SARAH HANSON-YOUNG: The impact and influence of donations on the politics and governments of this country, and I start by reflecting on a woman who resides in Adelaide, who has become quite notorious for her full-page ads in the Adelaide Advertiser, Ms Sally Zou. We don’t know much about Sally Zou, but here is what we do know. We know that she is a Chinese national. We know that she has a strong interest in mining, with the rights to develop four mines across the country. We know that she is wealthy—very wealthy. Her business dealings through companies like AusGold Mining Group are opaque and unusual.
We also know, of course, that Sally Zou is a big fan of the Liberal Party. She even went out of her way to set up the Julie Bishop Glorious Foundation, which was apparently established without the knowledge of the Minister for Foreign Affairs, despite bearing her name and despite the fact that Ms Zou has met with the minister on multiple occasions. We know Ms Zou was willing to put her money where her mouth is to the tune of $750,000 in donations to the Liberal Party over the last two years. She is one of the largest donors to the Prime Minister’s own political party, and we know nothing about where that money came from. We don’t know why it was donated or what Ms Zou expects in return.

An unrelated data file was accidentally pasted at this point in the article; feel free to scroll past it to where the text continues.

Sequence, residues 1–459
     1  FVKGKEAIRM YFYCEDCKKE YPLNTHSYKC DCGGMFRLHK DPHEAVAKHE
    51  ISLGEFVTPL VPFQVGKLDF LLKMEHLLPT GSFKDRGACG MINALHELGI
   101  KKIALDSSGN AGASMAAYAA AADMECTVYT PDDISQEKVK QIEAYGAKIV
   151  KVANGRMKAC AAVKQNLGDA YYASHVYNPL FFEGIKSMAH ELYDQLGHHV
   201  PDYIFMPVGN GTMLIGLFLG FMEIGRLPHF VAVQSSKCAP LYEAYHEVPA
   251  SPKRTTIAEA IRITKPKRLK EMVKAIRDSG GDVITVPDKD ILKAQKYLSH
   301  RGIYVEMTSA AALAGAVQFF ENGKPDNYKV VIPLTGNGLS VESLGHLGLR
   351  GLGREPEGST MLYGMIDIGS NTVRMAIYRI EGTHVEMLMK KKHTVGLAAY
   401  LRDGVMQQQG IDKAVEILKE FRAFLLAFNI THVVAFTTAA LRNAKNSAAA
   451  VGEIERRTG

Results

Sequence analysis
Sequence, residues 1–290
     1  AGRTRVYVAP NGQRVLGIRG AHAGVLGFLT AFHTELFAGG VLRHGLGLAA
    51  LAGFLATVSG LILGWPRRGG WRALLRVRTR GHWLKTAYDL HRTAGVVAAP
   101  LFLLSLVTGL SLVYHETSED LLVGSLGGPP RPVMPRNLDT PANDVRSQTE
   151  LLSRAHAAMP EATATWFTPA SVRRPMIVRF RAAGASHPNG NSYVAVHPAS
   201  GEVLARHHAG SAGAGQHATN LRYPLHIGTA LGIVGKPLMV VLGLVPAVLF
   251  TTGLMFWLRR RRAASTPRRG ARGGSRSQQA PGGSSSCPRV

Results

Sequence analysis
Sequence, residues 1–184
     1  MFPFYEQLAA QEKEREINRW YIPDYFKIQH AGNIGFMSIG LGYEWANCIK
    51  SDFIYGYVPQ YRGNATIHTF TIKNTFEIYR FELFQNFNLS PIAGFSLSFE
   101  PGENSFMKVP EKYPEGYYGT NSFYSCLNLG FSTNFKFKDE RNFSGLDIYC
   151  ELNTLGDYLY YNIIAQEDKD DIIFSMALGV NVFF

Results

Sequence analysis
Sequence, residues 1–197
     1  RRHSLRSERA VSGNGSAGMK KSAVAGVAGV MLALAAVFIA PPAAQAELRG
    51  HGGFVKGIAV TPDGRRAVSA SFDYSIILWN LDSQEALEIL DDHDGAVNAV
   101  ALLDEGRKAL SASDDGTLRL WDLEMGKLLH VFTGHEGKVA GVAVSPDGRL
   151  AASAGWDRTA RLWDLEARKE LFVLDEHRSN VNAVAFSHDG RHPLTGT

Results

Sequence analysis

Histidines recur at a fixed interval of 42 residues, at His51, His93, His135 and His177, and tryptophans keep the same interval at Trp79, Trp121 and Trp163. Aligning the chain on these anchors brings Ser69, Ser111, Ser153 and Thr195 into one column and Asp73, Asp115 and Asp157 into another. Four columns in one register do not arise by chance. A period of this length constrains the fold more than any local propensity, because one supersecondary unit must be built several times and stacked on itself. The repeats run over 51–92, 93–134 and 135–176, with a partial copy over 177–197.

The Acting Special Minister of State announced the Turnbull Government would overhaul the regulation of foreign donations. The minister said that it was in an effort to crack down on ‘inappropriate foreign interference in our democratic system’. He made the connection explicit: foreign donations risk foreign influence. But the connection raises more questions than it answers. What is it about a donation that makes it possible to interfere with our democratic system? Is it the amount, the identity of the donor or the nationality of the donor, or is it the donation itself and what is expected in return? If the government is concerned about ‘inappropriate foreign interference in our democratic system’, what level of foreign interference is appropriate and what is the government’s real concern? Foreign companies asking for public handouts to open one of the world’s largest Coal Mines in Queensland, aka Adani? The fact that our democratic system is being interfered with, is that the government’s concern? Or is it just about scoring quick political points? Is the government okay as long as the people who are interfering aren’t foreigners?